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Research and Advances in Synthetic Biology

Synthetic biology is one of the most promising areas of modern science. Predicted to be worth $37.21bn globally by 2022, there is a wealth of potential for developments in the healthcare and plant industries. Interviews with leading experts in the field reveal not only the scope of this exciting field of research, but what first drew them to synthetic biology.

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In vitro Modelling of the Human Upper Digestive Tract

Artificial digestive systems are increasingly used as a relevant alternative to in vivo studies for ethical, technical, regulatory and cost reasons. For more than 20 years, CIDAM, from the University of Auvergne in France, has been developing platforms such as the artificial digestion associating dissolution apparatus, mastication simulator, gastric and small intestinal models, large intestinal systems and intestinal cells in culture.

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Enabling Simultaneous Label-Free Sensing in Microfluidics

Microfluidics is a rapidly developing area of research and scientists are continually discovering the wide range of possibilities the technology can provide. Carolyn Ren is one such scientist. We spoke to Carolyn about her research around droplet microfluidics and how it enables high throughput screening analysis by utilising nanolitre-sized drops as mobilised test tubes.

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Agricultural Science: Reaching Out to the Curious Consumer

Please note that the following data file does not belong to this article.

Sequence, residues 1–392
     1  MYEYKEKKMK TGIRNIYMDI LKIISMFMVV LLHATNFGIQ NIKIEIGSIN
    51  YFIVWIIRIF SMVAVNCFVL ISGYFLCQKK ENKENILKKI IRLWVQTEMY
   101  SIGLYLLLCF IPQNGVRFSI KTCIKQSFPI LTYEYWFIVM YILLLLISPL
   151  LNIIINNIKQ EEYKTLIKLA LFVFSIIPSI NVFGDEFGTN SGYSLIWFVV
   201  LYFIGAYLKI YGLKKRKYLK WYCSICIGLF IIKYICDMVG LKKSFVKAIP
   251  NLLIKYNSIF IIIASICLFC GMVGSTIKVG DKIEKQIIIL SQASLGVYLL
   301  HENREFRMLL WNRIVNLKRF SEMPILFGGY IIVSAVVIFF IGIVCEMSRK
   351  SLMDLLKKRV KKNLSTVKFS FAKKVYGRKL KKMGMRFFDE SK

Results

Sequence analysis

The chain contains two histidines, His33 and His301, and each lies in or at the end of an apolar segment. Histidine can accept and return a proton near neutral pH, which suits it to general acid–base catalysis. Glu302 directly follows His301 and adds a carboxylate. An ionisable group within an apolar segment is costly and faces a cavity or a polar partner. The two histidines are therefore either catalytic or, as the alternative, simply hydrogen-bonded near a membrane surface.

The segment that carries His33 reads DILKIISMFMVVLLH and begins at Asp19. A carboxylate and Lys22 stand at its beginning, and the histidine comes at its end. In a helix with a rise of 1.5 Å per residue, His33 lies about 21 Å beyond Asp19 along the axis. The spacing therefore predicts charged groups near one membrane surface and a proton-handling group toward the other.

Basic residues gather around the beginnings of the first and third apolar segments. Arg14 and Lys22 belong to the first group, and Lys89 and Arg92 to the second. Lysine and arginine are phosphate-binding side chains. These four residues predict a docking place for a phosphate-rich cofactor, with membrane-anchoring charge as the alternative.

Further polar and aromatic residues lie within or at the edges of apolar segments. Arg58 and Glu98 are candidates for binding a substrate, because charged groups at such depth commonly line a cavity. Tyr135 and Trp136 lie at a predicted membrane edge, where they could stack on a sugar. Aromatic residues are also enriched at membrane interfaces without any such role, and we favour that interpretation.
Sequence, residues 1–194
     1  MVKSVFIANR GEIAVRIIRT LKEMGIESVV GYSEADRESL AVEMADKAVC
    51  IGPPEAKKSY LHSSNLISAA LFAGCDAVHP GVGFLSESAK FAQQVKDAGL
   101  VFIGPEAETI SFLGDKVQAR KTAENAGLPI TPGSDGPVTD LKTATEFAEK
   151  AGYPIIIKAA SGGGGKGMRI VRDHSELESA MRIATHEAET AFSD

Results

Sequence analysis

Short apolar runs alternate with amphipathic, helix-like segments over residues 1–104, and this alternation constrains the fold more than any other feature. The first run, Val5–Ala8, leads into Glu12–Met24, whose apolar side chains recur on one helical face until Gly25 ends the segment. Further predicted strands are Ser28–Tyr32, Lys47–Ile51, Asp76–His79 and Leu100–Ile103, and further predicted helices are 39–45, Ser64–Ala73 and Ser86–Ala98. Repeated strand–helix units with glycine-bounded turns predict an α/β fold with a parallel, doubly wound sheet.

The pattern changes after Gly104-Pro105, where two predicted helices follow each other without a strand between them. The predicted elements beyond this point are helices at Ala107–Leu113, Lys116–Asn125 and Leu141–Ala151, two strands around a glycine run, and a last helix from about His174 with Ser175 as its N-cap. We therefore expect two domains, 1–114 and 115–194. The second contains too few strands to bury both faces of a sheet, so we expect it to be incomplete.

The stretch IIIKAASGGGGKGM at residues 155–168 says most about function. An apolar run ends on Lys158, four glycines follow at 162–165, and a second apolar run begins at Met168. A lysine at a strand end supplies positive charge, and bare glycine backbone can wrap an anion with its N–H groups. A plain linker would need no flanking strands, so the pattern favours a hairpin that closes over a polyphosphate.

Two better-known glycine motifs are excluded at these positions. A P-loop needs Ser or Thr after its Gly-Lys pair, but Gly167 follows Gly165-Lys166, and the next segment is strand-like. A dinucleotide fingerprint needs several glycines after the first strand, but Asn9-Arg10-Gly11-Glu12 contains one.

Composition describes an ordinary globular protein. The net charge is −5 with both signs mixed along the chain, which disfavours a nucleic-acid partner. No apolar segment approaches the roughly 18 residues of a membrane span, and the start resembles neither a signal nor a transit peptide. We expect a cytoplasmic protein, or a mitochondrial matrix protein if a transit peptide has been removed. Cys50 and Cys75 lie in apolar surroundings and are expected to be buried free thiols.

The public overwhelmingly trusts farmers and scientists; they just don’t trust farming or science. This seemingly paradoxical statement stems from an appreciation of the raw potential and critical roles of the professions, but a mistrust of the products they generate.

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Exploring the microbiome in the agricultural industry

‘Microbiome’ has become somewhat of a buzzword within science. There have always been ‘live and active cultures’ in your yogurt, then they were in your dog food and recently doctors started to prescribe probiotics to improve human health and cure some diseases. Now they are helping plants.

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Synthetic Biology and Cancer Treatment: Bottlenecks to Translation

Karmella Haynes, at the Arizona State University, is one of the first synthetic biologists to engineer chromatin. It is a development that could ultimately treat diseases like cancer, through enabling large-scale changes in gene expression.

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How to get Funding for Your Human Microbiome Startup

The vast amount of research into the human microbiome is attracting new companies to the field and the race to translate scientific data into viable products has begun. Financial interest in the microbiome is at an all-time high, giving many scientists the opportunity to start their own business as product development or service companies.

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Development of ecosystems for precision medicine

The genomic and post-genomic age promises much for clinical medicine, largely because we can now comprehensively sequence genomic DNA to identify polymorphisms, patterns and mutations. We can also measure gene expression routinely and systematically and with high sensitivity measure the amounts of proteins produced.

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